From Triglav

Like ma says, words fail.

Standing at the top of Pec — at the tri-border of Slovenia, Italy and Austria — I could see Triglav, Slovenia’s tallest mountain, to the south-east. My first steps into the country were spent gazing in the direction of the range, wanting very much to climb it.

Days 84—86

For all sorts of reasons, climbing Triglav might not have been a sensible idea. I didn’t really have ‘enough’ food with me for a detour of any kind, let alone for the caloric combustion involved in climbing Slovenia’s tallest mountain; I didn’t know if it was even possible to climb it without harness and ropes — I could have looked that up, but where’s the fun in that; and I was still labouring under the tick tock of the visa clock, two weeks to cross Slovenia and Croatia, hop the border into Bosnia and be free at last of the Schengen zone.

The mountains en-route to Triglav were all magnificent in themselves, breathtaking geologic monuments. For several days the evenings had brought great banks of spectral cloud that swept over the peaks and, to stand and watch, it seemed as if the mountains would grow a little, reaching into those clouds and wrenching enough water from them to support all those ecosystems that play out below. That collected moisture visibly feeding the forests at their feet that team with flowers and fungi, butterflies and bugs, swallows and salamanders, and above the treeline the sparser playing/feeding/nesting grounds of Falcons, Ibex, and Chamois. Eagles too, but I didn’t see any of those.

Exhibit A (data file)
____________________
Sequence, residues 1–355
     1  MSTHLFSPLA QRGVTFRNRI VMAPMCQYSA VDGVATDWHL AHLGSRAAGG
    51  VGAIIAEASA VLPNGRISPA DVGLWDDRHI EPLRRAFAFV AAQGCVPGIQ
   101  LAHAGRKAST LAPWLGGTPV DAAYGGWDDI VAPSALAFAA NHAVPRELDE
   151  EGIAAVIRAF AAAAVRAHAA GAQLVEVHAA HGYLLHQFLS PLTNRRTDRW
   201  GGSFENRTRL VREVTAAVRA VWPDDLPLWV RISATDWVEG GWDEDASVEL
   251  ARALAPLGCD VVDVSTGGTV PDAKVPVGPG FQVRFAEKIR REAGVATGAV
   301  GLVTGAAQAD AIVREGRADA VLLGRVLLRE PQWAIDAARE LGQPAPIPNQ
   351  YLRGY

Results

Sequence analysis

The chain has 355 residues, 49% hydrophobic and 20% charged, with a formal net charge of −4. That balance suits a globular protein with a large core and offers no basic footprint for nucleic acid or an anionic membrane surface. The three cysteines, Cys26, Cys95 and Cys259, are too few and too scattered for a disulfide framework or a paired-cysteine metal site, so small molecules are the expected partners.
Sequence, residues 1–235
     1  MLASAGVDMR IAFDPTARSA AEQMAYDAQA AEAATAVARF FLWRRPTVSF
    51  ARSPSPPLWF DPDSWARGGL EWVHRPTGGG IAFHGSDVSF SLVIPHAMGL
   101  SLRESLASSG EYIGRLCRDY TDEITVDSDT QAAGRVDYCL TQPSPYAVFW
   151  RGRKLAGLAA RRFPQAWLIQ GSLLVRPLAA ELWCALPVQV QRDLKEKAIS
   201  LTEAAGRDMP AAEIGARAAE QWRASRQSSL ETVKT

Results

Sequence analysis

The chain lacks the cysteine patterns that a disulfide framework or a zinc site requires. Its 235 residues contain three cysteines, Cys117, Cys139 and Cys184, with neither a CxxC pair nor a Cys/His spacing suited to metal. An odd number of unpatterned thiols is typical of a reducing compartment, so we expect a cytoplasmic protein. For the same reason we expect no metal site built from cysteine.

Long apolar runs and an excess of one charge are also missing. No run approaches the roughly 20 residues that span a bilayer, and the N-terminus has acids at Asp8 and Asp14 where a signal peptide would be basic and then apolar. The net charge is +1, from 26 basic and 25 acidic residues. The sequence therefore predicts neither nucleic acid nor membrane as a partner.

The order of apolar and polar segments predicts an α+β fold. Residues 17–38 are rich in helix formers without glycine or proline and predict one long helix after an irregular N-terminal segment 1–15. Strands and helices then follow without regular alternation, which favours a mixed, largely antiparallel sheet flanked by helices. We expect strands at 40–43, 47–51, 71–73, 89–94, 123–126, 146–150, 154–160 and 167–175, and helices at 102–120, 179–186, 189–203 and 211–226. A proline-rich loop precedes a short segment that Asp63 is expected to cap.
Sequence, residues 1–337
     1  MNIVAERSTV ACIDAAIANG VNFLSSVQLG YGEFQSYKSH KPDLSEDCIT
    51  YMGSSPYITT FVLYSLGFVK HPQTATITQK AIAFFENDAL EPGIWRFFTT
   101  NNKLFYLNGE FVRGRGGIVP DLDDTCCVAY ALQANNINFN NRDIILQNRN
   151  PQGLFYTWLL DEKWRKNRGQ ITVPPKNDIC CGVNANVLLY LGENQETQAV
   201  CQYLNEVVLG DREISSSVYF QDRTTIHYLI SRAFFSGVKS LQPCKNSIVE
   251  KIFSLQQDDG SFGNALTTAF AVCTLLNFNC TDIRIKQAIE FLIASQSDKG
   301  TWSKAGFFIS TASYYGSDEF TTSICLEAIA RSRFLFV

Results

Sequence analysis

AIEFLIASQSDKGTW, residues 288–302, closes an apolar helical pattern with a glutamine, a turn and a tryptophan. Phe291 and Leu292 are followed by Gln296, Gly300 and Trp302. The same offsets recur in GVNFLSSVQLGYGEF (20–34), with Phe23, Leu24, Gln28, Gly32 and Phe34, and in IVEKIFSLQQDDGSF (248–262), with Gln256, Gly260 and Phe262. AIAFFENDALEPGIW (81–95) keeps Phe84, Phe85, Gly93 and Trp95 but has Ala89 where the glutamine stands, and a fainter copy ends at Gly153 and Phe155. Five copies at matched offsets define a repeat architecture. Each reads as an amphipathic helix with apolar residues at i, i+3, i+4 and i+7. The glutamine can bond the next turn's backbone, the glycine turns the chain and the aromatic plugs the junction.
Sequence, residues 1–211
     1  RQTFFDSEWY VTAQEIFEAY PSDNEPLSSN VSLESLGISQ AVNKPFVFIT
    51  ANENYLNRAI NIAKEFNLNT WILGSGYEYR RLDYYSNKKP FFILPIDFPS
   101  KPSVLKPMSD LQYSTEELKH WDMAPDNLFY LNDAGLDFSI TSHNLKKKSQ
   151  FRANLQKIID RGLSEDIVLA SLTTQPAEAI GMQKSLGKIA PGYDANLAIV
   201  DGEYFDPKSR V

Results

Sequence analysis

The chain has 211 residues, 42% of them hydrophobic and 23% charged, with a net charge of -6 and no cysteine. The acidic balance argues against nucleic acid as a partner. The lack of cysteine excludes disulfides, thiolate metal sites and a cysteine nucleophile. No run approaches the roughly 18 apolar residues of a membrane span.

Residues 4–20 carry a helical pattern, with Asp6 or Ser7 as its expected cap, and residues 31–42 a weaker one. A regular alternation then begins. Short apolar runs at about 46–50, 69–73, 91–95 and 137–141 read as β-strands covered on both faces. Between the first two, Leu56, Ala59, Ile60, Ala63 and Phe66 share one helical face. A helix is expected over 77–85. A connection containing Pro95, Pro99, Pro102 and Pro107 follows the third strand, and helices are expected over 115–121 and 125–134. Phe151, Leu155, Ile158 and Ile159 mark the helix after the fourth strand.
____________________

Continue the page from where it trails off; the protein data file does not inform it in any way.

At the saddle there is a hut, from there I could decide whether I would climb Triglav, or do the time-sensible thing and go around it. Getting that far was a gift already — a march up a winding path cut into the steep face of the mountain, like something out of a fairy tale.

Most at the hut had come just to ‘sight’ Triglav, but a few had summited so I asked how the going was. An American couple and a Slovenian guide made fervent attempts to persuade me of the necessity of renting the prescribed gear: helmet, climbing harness, and shackled ropes — the via-ferrata tackle. But a Slovenian climber and half of a British troupe (the other half had turned back part way) were more optimistic, although the latter suggested I stay the night at the hut and start early the next morning instead. Not keen for ropes or rest, I set off from the saddle a little before 2pm. If the climb really did take as long as some made out I could always bivvy at the summit.

After all of the warnings I had high expectations and my excitement put me in mind of the first day of the year when Manu, Chelsea, Miles, Mizuki, and I woke early on the fourth day of a six day trek through New Zealand’s Kahurangi national park.

My first sighting of the Dragon’s Teeth had been during a winter solo trip into Kahurangi’s eastern flank a couple of years before. That trip was cut short by an awful toothache but, sat in Anatoki Forks hut reading an account of crossing the teeth in an old tramping mag, I knew I wanted to give that jagged spine of the Douglas Range a go one day.

Manu and I had talked again about doing the teeth during our last trip through Kahurangi back in October 2022 — a five day trek that shared it’s first two days (Boulder Lake, Adelaide Tarn) with this trip two and half months later, before heading over Yuletide Peak, down into the Anatoki valley and out toward Waingaro Forks. Descending Yuletide we were taunted by the peaks above, standing stark against a cloudy but bright sky where we’d been promised rain and high winds.

Two months later we were back, looking at that jagged ridge a third time, four days into the park, now in a party of five, and no poor forecast threatened our six day trek. Not that the trip had been a sure thing. For all that we’d been plotting it for a while, it only came together as a certainty at 7pm the night before we were to set off, as some last doubts in the group were put to rest.